World Congress addresses global health program integration

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Experts in global development gathered in Washington over the weekend to discuss myriad topics, ranging from the global food crisis (11 million in Africa are at risk of going hungry with the current drought); to the tough fiscal environment (most notably the debt negotiations taking place on Capitol Hill); and taking advantage of opportunities in areas that continue to see record economic growth, like China (gross domestic product has grown at 9.9 percent for the past 30 years) and Africa (growing at five percent). 

While the Society for International Development 2011 World Congress focused on the general topic of development, a breakout session Friday on vertical and integrated approaches to global health addressed the question of how best to achieve sustainable results in the field.

Robert Clay (right), deputy assistant administrator for global health at the U.S. Agency for International Development, and Ann Gavaghan, chief of staff at the Office of the Global AIDS Coordinator, participate in a panel discussion Friday at the SID World Congress.

“There have been spectacular successes at least in the last decade by taking a vertical approach to global health,” said session moderator Jim Kolbe, a former Member of the House of Representatives (R-AZ) and currently a member of the Global Health Council, citing HIV/AIDS and the provision of antiretroviral therapy, malaria, and the near eradication of polio as major achievements. But, he said, more recently there has been a call for taking an integrated approach to create sustainable health systems that provide for enduring health programs. This is in no small part driven by President Obama’s Global Health Initiative and its focus on maternal and child health (MCH), rather than specific diseases or conditions.

Robert Clay, deputy assistant administrator for global health at the U.S. Agency for International Development, had several words of wisdom from his experience working with the Zambian government. Economic hard times hit the country in the early 90s, Clay said, and the health sector moved forward with some innovative health reform ideas very quickly. U.S. aid (traditionally siloed, disease-specific responses) tried to integrate with Zambia’s integrated health program, a process that started in 1996. Although the benefits to this integration experiment have yet to be fleshed out, Clay had this advice for those pursuing integrated models:  

  1. There is no perfect model – the trick is to know your strengths and weaknesses and focus on those areas that are weak, minimizing how they can trip you up.
  2. Moving toward an integrated approach requires dedicating a lot of time on coordinating the different technical staff, making sure they work together and have common goals.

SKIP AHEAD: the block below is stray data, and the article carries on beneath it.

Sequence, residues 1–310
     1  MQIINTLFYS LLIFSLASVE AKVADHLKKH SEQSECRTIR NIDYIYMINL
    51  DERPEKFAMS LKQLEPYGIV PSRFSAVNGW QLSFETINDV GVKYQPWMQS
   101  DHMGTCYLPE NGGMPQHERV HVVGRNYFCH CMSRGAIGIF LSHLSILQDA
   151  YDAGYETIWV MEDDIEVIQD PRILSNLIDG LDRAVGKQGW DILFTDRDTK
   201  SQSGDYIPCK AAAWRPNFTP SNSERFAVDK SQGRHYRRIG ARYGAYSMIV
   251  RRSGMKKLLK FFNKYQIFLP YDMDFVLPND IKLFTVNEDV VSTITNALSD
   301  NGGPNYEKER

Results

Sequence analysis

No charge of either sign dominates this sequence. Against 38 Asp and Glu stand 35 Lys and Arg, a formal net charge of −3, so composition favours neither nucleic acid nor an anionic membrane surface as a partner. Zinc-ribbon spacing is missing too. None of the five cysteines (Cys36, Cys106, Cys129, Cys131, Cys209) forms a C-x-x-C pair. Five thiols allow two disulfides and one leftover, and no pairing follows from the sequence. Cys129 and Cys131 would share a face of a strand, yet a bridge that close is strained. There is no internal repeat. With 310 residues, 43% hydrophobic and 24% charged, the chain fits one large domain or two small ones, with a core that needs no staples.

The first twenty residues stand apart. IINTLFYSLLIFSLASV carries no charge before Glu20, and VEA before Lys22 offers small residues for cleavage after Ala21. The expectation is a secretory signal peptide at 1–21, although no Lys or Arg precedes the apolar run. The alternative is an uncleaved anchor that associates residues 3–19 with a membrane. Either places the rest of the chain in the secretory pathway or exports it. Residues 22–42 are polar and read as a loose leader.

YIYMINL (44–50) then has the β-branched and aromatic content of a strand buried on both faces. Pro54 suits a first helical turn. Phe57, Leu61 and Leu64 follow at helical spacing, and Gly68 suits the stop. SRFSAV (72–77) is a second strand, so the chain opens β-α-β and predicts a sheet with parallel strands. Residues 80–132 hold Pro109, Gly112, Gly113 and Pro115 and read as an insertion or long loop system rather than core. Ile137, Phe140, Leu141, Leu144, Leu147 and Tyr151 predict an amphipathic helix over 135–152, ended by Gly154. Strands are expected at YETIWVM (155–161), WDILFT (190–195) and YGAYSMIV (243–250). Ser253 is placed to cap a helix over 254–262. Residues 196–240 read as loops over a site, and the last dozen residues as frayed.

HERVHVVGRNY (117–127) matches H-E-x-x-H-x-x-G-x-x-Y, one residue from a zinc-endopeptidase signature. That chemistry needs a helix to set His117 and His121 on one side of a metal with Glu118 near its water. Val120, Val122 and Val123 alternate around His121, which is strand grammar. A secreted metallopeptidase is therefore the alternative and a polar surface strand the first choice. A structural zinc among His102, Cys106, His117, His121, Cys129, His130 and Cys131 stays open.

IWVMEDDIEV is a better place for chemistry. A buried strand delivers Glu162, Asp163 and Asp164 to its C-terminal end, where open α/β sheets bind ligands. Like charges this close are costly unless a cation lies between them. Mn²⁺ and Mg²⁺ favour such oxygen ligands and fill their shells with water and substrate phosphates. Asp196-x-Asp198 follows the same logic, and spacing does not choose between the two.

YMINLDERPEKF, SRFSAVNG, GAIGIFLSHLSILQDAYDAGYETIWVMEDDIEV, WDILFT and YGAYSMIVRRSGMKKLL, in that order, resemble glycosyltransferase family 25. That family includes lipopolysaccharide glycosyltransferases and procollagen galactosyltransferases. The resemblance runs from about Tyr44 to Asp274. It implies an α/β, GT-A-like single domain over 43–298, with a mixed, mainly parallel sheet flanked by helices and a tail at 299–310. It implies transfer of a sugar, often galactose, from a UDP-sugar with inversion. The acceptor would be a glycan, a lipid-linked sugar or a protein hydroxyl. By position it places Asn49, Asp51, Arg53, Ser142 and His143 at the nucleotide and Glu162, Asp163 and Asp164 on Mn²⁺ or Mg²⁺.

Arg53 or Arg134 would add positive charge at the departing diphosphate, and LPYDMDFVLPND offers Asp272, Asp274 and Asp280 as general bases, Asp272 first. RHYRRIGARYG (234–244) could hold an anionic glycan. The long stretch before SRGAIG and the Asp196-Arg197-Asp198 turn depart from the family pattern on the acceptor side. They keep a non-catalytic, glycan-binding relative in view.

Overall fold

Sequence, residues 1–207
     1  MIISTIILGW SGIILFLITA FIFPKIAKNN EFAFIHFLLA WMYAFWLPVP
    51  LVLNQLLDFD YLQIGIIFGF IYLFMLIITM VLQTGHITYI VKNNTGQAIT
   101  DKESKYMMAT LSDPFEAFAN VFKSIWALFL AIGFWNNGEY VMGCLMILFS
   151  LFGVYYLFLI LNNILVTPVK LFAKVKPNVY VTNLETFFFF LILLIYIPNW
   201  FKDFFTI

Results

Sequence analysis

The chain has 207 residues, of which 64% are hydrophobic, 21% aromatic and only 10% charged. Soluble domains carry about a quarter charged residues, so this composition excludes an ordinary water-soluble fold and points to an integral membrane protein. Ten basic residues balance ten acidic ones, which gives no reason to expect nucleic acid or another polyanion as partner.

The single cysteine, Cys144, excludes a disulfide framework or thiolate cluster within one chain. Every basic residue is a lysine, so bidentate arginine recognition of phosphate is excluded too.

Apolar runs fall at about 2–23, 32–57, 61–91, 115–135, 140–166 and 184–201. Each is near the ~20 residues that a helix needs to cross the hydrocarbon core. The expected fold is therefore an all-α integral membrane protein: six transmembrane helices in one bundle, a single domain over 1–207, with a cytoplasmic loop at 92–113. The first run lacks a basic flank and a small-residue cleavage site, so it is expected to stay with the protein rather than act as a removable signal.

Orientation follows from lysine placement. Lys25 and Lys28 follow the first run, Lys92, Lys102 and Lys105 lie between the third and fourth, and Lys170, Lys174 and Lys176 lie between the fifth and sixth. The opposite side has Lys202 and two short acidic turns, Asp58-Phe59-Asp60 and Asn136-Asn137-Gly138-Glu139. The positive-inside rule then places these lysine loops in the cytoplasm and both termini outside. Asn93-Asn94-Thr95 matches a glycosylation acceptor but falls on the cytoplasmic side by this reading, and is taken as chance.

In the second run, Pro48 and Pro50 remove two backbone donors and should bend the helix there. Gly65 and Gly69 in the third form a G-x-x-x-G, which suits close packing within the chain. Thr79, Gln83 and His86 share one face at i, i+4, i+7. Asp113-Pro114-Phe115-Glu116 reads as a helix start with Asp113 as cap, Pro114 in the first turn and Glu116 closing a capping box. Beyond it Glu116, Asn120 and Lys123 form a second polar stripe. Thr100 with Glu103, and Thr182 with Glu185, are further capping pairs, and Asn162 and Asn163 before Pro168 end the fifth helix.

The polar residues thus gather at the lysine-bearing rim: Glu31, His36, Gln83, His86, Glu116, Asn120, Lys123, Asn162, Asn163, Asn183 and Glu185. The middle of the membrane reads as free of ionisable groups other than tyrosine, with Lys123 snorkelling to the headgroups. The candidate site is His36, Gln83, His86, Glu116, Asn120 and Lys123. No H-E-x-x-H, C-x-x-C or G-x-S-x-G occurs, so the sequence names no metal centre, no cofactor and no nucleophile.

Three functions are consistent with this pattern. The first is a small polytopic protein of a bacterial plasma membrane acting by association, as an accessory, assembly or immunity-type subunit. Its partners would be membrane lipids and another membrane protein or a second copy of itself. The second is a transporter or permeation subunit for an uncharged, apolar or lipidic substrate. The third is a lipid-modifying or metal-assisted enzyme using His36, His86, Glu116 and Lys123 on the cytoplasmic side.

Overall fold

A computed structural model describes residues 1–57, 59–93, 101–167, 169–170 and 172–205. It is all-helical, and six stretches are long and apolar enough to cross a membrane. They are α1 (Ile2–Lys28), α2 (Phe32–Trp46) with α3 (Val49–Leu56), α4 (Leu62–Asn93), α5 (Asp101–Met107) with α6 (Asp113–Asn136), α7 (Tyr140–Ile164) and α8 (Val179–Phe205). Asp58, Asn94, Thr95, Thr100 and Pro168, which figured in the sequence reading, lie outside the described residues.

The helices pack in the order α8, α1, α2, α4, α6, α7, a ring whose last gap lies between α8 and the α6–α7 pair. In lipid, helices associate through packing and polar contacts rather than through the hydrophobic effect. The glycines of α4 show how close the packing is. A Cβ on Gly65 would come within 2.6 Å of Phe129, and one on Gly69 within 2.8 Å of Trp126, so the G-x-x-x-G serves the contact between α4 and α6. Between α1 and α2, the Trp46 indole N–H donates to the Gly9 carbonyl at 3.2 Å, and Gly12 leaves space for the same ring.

3. Balanced funding.
  4. Focus on results. Without results and clear indicators of success you can become vulnerable to funders saying, “We are giving you this money, what are you doing with it?”
  5. Beef up training of staff in programmatic areas
  6. This process takes time – creating an integrated, country-owned, sustainable response really means you are in it for the long haul. 

“There is growing evidence that integration is cost-effective,” Clay said. “So even though there is no new money, we have to be effective with how we are using our existing resources. If you integrate these [program areas] together – HIV/AIDS, MCH, etc – you can save resources.” 

When asked how we get attention paid to other health issues as we have seen to HIV/AIDS, Ann Gavaghan, chief of staff at the Office of the Global AIDS Coordinator who was trained as an HIV counselor, said the vertical disease programs benefit the health system across the board. For example, the U.S. President’s Emergency Plan for AIDS Relief (PEPFAR) program created safe blood systems for the purpose of reducing HIV transmission, but this system had an additional benefit on maternal mortality. “Safe blood is available for birthing mothers if they need it,” Gavaghan said, reducing the number of mothers that die during childbirth.

“I think we need to stop focusing on the disease and start focusing on the person.”

At a recent visit to a health clinic in Malawi, Gavaghan and her colleagues encountered no electricity, abandoned housing projects for nurses, a broken running water system, and a general frustration with the inability of the dedicated health care work force to offer integrated services to their clients.

“Every person that goes to that clinic – whether a woman going to deliver, someone seeking HIV services, a kid with malaria – we need to say, at the clinic level, this is what we need [to serve these people],” Gavaghan said. In order to do that, she said, clinics need to identify what services they can offer, what capital equipment exists and if it works, and where services need to go (e.g. getting services to rural areas and taking platforms that exist and building upon them by pooling funding).

It remains to be seen whether health services integration, in the absence of additional resources, will improve or undermine health outcomes for specific conditions including HIV infection.

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